5. Take Care of Your Body & Wear Comfy Shoes
The best scenario during a fight is not to have to fight at all.
If someone is attempting to assault you, run away. This helps if you are in shape and are wearing running-friendly shoes. Maintain your stamina before, during, and after your trip, so you’ll be able to outrun any potential pursuer you come across. It’s also good for you, which is a definite plus.
6. Trekking Pole
This one might not be for all types of travelers. It works best for those who regularly backpack or hike, as it’ll look more natural and be more useful for you to carry around trekking poles.
A trekking pole has some very practical uses, other than keeping you from falling or rolling your ankle during a long hike. They’re great at helping you stay at range against a knife-wielding attacker, and will put off many would-be robbers. The more non-threatening you look, the more likely someone will try to take advantage of you. A trekking pole can easily be used as a makeshift weapon, and robbers know that, so most will go for easy looking prey, and avoid the backpacker with a large metal stick.
7. Self Defense Discipline
It’s never too late to learn how to defend yourself. Find a self-defense discipline that interests you and go for it. Krav Maga, Muay Thai, Taekwondo, Judo, boxing, any martial art/self-defense course will do the trick.
And just to be clear, when I encourage you to learn self-defense, I do NOT encourage you to retaliate against armed robbers or assailants. If at all possible, it’s still best for you to run. It’s just nice knowing that, if push comes to shove, you’ll be able to handle yourself in a fight.
If you’re on a tight budget, and can’t afford classes, there are some great YouTube videos that’ll show you basic self-defense moves, that with practice, can be applied in the real world with ease.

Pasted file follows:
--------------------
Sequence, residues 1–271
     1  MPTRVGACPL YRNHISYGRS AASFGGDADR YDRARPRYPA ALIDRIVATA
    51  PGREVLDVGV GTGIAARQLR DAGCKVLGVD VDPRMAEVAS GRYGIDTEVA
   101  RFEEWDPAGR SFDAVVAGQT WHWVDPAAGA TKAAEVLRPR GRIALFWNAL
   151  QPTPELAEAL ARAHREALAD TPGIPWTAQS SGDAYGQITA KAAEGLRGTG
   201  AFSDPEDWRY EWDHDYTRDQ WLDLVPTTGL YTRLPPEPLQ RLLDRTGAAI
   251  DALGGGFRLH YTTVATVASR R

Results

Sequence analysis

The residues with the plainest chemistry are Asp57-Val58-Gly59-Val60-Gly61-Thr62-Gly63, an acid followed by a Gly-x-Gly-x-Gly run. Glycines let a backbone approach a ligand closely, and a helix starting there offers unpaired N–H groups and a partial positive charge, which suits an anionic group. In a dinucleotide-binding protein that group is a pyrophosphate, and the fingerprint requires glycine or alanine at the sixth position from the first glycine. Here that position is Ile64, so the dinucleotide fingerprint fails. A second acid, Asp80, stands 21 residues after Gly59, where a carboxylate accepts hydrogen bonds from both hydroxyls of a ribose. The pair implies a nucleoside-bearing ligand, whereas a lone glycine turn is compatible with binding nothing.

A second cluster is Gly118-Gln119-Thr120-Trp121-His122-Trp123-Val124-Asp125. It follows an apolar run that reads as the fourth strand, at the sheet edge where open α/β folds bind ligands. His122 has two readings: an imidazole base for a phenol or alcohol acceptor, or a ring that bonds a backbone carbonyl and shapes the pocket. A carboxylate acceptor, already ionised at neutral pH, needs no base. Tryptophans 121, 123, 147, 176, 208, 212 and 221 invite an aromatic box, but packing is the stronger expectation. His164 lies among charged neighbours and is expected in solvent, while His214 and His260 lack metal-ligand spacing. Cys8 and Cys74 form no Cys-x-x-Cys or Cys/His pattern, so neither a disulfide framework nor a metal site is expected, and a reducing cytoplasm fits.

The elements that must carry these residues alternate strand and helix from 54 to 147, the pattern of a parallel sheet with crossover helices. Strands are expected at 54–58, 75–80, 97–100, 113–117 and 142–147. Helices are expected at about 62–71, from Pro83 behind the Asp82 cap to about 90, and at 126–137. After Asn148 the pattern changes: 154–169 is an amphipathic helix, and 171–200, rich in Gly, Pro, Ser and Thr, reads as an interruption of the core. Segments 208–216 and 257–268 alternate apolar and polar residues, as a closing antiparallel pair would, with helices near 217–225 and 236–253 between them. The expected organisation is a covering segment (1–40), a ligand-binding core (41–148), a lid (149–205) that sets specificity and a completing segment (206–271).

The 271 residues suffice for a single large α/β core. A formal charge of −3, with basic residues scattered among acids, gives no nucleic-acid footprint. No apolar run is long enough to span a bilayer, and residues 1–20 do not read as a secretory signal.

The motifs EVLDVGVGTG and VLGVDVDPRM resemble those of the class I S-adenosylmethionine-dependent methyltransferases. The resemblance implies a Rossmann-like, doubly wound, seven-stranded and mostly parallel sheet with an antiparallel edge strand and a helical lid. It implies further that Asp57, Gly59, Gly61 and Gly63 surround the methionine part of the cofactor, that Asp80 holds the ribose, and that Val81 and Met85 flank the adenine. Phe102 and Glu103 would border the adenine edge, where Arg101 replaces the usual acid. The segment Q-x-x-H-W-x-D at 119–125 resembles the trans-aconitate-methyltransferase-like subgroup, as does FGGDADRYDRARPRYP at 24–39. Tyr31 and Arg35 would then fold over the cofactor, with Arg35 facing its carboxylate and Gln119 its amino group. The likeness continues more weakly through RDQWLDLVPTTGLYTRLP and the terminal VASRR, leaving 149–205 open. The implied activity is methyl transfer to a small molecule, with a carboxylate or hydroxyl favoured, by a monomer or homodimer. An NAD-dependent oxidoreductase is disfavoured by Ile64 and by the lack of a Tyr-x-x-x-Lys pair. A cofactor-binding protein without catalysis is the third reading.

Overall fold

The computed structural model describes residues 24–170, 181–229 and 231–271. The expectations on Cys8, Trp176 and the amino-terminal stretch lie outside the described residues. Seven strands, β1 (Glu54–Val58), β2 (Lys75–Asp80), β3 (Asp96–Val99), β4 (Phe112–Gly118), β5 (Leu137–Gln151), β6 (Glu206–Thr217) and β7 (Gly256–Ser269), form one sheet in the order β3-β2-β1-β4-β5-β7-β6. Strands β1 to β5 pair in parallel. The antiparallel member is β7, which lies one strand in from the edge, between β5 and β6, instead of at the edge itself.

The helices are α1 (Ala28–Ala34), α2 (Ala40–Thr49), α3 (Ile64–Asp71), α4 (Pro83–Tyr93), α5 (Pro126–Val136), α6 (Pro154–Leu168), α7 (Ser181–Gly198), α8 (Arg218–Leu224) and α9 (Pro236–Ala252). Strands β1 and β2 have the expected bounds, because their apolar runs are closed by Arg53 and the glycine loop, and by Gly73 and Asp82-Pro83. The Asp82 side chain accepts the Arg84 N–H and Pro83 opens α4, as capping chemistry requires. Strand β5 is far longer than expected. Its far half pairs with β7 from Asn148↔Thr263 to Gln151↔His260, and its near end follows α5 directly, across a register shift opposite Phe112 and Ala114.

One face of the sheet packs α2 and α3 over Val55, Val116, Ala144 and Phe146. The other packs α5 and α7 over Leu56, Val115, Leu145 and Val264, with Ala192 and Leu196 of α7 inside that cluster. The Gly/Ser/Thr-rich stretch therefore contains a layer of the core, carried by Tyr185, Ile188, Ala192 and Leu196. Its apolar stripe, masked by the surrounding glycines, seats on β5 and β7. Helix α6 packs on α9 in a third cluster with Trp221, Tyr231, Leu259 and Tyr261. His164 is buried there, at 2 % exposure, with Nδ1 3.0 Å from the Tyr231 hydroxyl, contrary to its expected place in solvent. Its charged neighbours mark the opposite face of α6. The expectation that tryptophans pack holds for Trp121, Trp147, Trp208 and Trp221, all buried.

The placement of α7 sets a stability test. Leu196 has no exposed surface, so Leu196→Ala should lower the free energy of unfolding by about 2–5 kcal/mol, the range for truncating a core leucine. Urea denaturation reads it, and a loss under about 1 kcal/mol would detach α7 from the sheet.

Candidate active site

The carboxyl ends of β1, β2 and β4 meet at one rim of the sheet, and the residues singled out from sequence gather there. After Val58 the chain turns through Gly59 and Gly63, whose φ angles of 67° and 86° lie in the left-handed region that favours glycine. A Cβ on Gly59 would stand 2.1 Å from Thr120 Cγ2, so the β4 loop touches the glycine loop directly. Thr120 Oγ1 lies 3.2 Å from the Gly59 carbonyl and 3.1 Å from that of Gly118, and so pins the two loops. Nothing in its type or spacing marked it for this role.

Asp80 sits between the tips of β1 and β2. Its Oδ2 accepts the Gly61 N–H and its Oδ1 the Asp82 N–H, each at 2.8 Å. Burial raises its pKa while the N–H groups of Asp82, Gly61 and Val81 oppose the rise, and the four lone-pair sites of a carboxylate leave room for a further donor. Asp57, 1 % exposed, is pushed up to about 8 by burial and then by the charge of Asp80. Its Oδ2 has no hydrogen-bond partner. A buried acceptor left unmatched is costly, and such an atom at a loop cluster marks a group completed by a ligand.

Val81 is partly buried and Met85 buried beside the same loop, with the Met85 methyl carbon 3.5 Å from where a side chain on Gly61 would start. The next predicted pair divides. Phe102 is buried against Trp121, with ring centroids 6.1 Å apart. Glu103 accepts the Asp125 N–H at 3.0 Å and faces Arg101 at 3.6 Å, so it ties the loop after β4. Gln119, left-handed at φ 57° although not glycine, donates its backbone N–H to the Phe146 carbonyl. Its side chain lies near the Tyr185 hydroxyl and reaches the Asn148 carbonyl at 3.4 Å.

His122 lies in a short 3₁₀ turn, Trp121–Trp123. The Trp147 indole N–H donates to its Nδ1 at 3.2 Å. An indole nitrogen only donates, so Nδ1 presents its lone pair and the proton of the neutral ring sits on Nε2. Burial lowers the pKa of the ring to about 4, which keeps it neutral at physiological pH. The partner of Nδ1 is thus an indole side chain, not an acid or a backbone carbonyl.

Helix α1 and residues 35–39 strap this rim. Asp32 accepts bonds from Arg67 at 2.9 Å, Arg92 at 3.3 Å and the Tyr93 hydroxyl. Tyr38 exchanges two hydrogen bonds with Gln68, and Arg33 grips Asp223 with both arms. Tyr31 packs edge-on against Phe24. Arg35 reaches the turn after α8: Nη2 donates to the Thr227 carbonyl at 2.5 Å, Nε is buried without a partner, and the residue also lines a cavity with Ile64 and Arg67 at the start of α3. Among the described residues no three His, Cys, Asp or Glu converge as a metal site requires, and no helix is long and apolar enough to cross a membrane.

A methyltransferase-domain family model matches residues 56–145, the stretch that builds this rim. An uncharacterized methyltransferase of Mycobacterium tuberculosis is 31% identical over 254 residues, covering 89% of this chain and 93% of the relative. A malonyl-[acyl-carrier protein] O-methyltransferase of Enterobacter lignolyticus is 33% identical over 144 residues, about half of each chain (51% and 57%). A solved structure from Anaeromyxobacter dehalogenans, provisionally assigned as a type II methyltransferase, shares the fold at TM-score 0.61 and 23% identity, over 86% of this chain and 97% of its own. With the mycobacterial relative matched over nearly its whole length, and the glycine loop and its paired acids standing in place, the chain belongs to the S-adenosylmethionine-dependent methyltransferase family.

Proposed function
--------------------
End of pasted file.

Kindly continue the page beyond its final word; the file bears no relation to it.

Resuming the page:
8. Leave Your Weapons at Home
Weapons. There’s two big reasons to leave them at home.
1. They’re illegal in a big chunk of the world, and will cost you a heck of a lot of trouble if you’re found to have them, or to have used them. It can lead to serious jail time.
2. Drawing a weapon instantly makes the situation more dangerous for yourself, and everyone involved. By doing so, you have elevated the encounter from a simple assault or robbery, to a potential loss of life. Robbers and assailants will treat this as such, and become defensive and much more willing to harm you. When in doubt, throw your wallet in one direction, and run the opposite way.
Don’t let the potential for dangerous encounters stop you from enjoying the many benefits of traveling!
Hopefully this list has helped you prepare for your future trips. Stay safe!
Hi, I'm Ash!
I’m a travel blogger who loves experiencing new things and deeply connecting with people. My missions are to help others around the world realize their travel dreams, and to spread the word about sustainable travel. Feel free to send me a message here.